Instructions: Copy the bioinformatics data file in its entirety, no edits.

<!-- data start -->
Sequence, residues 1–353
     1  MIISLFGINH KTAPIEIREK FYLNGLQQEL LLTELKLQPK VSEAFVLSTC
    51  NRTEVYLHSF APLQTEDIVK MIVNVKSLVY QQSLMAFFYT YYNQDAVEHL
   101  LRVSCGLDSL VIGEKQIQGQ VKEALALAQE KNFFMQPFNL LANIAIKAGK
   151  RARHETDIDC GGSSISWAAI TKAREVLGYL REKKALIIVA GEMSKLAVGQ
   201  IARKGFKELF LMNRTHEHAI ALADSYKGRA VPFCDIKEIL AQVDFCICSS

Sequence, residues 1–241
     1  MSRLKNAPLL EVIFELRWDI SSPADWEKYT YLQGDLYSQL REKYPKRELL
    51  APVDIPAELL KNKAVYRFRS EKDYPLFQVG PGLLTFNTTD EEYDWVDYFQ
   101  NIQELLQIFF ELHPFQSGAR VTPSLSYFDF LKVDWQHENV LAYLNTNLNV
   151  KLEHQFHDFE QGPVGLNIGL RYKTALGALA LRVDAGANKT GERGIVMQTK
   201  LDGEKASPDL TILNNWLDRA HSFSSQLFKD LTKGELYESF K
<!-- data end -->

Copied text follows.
Sequence, residues 1–353
     1  MIISLFGINH KTAPIEIREK FYLNGLQQEL LLTELKLQPK VSEAFVLSTC
    51  NRTEVYLHSF APLQTEDIVK MIVNVKSLVY QQSLMAFFYT YYNQDAVEHL
   101  LRVSCGLDSL VIGEKQIQGQ VKEALALAQE KNFFMQPFNL LANIAIKAGK
   151  RARHETDIDC GGSSISWAAI TKAREVLGYL REKKALIIVA GEMSKLAVGQ
   201  IARKGFKELF LMNRTHEHAI ALADSYKGRA VPFCDIKEIL AQVDFCICSS

Sequence, residues 1–241
     1  MSRLKNAPLL EVIFELRWDI SSPADWEKYT YLQGDLYSQL REKYPKRELL
    51  APVDIPAELL KNKAVYRFRS EKDYPLFQVG PGLLTFNTTD EEYDWVDYFQ
   101  NIQELLQIFF ELHPFQSGAR VTPSLSYFDF LKVDWQHENV LAYLNTNLNV
   151  KLEHQFHDFE QGPVGLNIGL RYKTALGALA LRVDAGANKT GERGIVMQTK
   201  LDGEKASPDL TILNNWLDRA HSFSSQLFKD LTKGELYESF K